Uphouse Farm, Fakenham, Norfolk
• Innovative business
• Tight cost control
• Strong concern for staff welfare
• Proactive in the wider industry
• Pioneering work with litter burning
Optimising bird welfare, making the most of new technology, motivating staff and earning a profit are all priorities for Norfolk broiler producer Nigel Joice.
Nigel has been producing chickens at Uphouse Farm since 1997, building the business up to a production level of 5.5 million broilers a year.
Stringent biosecurity is fundamental to meeting all of his objectives. All vehicles arriving at the farm get a good soaking from the automatic jet sprayers – and there has been significant investment in the sheds, which are now among the most sophisticated in the country.
They are all kitted out with misting equipment to raise humidity at chick start, for evaporative cooling in extreme heat and for disinfection at the end of every flock. “Having a sterile start is hugely important,” he says.
Computer technology connects all the poultry houses with the farm office and staff houses, so the birds’ environment and feed/water consumption can be checked 24/7, with adjustments made as necessary.
But Nigel believes strongly that computerised technology is merely an aid to good management. “The computer that can see, smell and listen does not exist, but the good stockman does,” he says.
As such, close attention is paid to staff welfare, providing top-quality housing and insisting they each get a week’s holiday per crop. “If something needs doing today, they’ll never leave it to tomorrow,” he says.
Nigel is also willing to experiment with different technologies. He is currently evaluating two different LED lighting systems as an alternative to windows. “I’m dead against windows, as they will increase our carbon footprint without any advantage for the chickens.”
Another example is his £1.8m investment into a new energy centre. This incorporates two 500kW biomass burners, fired by woodchip for now, but with a clear intention of switching to poultry litter when the law allows.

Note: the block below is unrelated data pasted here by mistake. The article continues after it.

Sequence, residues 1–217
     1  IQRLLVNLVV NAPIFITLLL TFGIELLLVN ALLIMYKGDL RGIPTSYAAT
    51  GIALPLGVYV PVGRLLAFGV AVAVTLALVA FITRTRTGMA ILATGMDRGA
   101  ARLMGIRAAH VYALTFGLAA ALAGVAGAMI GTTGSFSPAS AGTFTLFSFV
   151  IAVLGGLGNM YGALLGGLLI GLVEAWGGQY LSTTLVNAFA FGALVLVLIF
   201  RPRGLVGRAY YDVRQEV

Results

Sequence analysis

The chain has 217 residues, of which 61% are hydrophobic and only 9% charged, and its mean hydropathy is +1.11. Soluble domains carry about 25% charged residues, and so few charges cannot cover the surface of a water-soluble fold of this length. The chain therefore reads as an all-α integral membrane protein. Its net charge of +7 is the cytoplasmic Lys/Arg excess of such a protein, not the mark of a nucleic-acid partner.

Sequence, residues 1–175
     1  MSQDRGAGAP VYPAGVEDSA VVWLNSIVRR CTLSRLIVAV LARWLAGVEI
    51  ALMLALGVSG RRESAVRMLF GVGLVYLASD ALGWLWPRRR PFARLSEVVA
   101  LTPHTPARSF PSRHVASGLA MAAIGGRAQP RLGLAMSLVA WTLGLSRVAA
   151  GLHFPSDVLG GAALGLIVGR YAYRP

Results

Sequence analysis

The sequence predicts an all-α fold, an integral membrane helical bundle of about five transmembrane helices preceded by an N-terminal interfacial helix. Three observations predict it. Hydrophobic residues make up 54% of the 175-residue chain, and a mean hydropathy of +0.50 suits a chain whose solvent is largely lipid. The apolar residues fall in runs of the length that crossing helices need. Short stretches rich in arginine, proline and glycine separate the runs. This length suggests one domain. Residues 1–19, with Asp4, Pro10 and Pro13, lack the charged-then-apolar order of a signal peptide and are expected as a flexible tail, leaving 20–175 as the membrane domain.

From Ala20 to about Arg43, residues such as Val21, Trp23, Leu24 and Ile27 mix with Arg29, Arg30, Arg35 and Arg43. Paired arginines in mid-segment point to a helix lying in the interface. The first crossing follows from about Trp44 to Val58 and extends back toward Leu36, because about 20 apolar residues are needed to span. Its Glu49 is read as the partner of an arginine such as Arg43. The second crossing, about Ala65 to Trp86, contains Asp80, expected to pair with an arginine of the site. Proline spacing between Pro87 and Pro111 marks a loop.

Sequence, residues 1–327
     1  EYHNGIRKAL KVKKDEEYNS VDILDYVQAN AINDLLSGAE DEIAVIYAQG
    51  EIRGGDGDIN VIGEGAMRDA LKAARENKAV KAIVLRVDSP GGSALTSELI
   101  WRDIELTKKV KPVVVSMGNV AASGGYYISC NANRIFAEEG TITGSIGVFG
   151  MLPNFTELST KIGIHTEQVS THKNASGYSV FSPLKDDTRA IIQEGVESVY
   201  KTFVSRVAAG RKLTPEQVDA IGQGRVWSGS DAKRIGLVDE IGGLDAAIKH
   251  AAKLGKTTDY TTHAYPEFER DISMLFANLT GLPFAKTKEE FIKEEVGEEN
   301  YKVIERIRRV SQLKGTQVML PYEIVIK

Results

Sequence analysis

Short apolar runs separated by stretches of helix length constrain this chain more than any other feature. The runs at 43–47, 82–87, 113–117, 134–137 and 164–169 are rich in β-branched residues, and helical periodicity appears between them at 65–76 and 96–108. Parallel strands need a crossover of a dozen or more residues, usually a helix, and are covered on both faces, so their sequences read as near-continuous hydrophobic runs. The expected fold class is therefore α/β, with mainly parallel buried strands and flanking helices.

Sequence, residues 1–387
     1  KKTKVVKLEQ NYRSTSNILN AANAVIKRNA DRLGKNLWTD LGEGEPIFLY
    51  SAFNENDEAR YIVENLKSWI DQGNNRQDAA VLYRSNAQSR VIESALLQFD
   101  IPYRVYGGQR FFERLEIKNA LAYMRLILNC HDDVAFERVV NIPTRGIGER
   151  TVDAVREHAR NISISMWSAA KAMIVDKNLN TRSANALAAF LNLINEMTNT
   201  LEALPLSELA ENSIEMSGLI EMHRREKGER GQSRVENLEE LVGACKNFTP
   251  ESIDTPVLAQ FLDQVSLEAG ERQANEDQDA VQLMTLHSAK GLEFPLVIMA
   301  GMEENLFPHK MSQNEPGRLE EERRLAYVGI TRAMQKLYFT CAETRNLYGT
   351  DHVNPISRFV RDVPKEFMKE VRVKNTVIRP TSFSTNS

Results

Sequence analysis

Three kilometres of pipework takes hot water to all 16 sheds, which is then pumped through Draper recirculation units – two to a house – to provide heating for the birds. “With no direct-fired gas heaters in the houses, we are seeing a huge improvement in the environment.”
Tight control is applied to the business side. “I do all the paperwork myself. I don’t have a secretary. It ensures I have my finger on the pulse.”
Feed is supplied by two companies. “They know this, so it helps keep them on their toes.” Nigel also incorporates up to 15% whole wheat into his ration and makes use of forward purchasing and options to iron out market volatility.
On the marketing side, all birds are sold to Banham Poultry at Attleborough. “We work closely with Banham and Morrisons, with regular meetings to listen and react to current requirements,” he says.
Nigel is also highly active off the farm, sitting on numerous committees and representative bodies, as he aims to “put something back into an industry that has given me so much”.
• 840,000 broilers
• 105ha of arable land
• Green energy centre to make use of poultry litter
“Farming excellence is critical, especially in these challenging times. Nigel demonstrates clearly what is needed to sustain a thriving UK poultry sector.”
Peter Miller, managing director, poultry division, Vion Food Group
2011 Farmers Weekly Awards